The first two books, Alanna: The First Adventure and In the Hands of the Goddess, cover Alanna’s years as a page, then squire, in the king’s court. The Woman Who Rides Like a Man and Lioness Rampant follow Alanna’s first years as a knight, traveling the continent and facing dangers, prophecies, enemies at home and abroad, and helping people in need. Not only are they great stories, but these books deal with issues that, looking back, I saw rarely in the contemporary books I read at the time, let alone the fantasy ones: getting your period, healthy relationships (both romantic and platonic), forging your identity when you don’t fit into society’s expectations, and having sex for the first time. They also feature lovely coming-of-age storylines and are about the importance of following your path and standing up for what you believe in and those you care about, and forging a found family. What particularly resonated with me was Alanna’s desire to be a knight, no matter what it took. But despite years pretending to be a boy, as she matures she realizes that while she might have wished to be born a boy because of the opportunities afforded to them, she also likes being a woman, and wants to indulge in feminine things as well. What I took from that was that girls can be tough, capable, and strong — but they can also be soft and feminine. Alanna didn’t have to choose, and as the series progresses, she holds fiercely to her independence, valuing it more than personal gain or even romance with a man she loves.
I won’t pretend that the books are perfect — they were written throughout the 1970s and published in the 1980s, and in some ways they show their age. I have some thoughts about the age differences between Alanna and two of her love interests, and The Woman Who Rides Like a Man, in particular, feels a little clunky as it explores Alanna’s time with the Bahzir, a conquered people who live in the desert of Tortall and do not recognize the king. Alanna finds herself spending months with them as she takes over the magical training of three young people of the tribe, and she doesn’t always have the most progressive views on femininity and identity. She does evolve over time, and in the afterword of the 2014 edition, Tamora Pierce reflects on her inspiration and her own struggles with understanding feminism as being inclusive beyond her own initial understanding. She acknowledges that her intent was never to cause offense, but hints at the ways her thinking has evolved since drafting the book 40 years ago. I recommend picking up Squire by Sara Alfageeh and Nadia Shammas, an excellent YA graphic novel, for an updated look at fantasy knighthood and colonialism.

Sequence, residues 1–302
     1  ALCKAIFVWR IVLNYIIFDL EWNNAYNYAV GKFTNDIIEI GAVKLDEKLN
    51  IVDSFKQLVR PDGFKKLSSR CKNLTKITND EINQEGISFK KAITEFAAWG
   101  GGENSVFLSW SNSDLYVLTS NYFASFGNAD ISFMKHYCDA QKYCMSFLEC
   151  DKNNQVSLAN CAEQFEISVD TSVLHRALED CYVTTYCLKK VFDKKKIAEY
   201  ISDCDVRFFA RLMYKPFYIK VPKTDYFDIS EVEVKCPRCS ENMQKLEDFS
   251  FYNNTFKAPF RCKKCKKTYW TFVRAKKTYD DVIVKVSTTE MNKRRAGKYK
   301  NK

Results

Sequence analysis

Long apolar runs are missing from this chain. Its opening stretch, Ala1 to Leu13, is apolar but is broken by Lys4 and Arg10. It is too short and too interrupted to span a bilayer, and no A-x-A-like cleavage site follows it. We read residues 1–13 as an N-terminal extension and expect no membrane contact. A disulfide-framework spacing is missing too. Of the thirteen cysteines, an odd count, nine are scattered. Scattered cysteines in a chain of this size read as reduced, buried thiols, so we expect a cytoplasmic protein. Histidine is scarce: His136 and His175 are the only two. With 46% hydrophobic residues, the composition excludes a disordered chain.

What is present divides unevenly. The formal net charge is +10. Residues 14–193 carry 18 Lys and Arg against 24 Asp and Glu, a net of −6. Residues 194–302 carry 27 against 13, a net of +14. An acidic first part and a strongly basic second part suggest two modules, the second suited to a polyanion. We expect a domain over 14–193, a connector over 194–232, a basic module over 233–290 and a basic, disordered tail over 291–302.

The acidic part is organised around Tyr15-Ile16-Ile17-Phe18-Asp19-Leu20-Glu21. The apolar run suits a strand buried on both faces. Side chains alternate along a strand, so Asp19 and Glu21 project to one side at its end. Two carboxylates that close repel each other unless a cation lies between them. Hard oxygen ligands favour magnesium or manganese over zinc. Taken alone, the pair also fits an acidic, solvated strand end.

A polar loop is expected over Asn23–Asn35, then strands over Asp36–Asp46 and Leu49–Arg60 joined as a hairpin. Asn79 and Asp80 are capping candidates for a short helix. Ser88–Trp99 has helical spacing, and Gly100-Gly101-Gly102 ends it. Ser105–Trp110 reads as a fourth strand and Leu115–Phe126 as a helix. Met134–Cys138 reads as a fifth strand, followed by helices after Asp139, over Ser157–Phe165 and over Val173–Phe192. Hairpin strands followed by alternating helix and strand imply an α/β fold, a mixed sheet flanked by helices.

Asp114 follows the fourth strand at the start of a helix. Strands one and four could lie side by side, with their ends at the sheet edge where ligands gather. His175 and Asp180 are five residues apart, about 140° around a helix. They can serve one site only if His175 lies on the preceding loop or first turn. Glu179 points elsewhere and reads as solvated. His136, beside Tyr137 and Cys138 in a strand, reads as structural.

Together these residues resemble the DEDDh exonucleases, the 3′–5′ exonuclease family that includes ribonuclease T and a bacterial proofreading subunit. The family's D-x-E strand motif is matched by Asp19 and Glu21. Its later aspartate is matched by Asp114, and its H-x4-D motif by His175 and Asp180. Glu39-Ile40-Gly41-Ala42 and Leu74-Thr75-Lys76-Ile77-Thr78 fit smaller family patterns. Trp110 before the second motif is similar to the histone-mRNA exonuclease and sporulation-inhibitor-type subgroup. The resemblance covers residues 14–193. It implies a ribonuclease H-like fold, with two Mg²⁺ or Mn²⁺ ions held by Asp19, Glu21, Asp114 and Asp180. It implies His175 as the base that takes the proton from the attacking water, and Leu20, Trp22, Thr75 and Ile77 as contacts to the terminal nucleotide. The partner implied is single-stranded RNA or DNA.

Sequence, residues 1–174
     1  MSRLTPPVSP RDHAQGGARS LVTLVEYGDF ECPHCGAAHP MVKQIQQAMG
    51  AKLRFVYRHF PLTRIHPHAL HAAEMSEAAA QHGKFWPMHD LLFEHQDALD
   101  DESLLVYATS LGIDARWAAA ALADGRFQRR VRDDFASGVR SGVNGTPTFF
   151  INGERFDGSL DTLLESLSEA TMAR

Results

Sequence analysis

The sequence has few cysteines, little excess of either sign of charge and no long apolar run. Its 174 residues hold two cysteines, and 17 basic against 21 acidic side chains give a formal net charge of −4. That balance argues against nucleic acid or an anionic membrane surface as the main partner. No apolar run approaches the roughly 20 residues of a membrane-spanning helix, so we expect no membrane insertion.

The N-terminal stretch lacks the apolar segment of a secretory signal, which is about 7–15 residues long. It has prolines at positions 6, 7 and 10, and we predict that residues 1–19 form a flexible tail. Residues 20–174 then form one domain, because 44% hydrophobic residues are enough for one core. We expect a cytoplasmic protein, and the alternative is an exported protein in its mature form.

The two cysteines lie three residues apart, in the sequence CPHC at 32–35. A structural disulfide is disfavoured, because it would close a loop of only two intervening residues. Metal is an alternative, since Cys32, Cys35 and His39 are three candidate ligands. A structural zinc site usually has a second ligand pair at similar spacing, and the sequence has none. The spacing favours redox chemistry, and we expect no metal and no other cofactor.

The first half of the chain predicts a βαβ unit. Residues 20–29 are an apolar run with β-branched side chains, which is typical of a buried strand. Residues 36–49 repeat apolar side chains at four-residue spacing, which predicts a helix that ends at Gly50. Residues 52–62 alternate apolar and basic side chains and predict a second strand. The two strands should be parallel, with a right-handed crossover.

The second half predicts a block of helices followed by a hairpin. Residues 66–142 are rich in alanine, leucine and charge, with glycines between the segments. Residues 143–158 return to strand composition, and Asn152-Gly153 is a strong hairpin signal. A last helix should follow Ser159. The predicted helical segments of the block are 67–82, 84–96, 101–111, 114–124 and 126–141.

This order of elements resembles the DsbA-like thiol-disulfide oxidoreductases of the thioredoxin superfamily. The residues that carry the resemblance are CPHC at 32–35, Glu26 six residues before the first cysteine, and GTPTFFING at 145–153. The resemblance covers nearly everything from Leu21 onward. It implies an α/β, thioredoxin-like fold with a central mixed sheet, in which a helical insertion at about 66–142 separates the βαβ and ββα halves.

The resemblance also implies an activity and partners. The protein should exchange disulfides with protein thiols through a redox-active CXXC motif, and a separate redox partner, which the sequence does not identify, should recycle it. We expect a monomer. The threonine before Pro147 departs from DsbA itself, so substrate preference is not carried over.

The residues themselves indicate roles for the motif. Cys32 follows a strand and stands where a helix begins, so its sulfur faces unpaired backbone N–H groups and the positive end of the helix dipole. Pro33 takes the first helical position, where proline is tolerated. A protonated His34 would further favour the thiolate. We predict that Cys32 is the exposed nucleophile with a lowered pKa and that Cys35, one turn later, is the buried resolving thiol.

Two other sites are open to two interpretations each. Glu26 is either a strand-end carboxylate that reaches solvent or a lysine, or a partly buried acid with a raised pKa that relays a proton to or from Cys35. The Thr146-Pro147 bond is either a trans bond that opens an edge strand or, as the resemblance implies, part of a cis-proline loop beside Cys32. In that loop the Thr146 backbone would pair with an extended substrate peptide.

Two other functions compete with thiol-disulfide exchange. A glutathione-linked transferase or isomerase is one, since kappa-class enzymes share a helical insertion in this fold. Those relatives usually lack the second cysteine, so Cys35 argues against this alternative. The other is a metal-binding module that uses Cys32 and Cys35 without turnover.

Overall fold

While so much about the world has changed in the 40 years since Alanna: The First Adventure was published, I think Alanna’s story still resonates with so many people, and not just the Gen X and Millennial readers who first read these adventures. Here is a heroine who forges her own path, who has faults and petty grievances, who wants the whole world. She doesn’t always get what she wants, but she always stays true to who she is. Alanna helped usher in a whole new era of strong women in fantasy who were more than princesses or maidens in distress, and who helped define the idea of a strong female protagonist as someone who doesn’t just wield a sword, but who is emotionally vulnerable as she holds fast to her convictions. I’m so thankful that my grandma gave me the gift of Alanna of Tortall 20 years ago, and while we are fortunate to have so many more amazing YA fantasy books starring strong young women, I hope that Alanna of Tortall will still be around for at least another 40 years.
Want to explore the Tortall universe? Here’s where to start.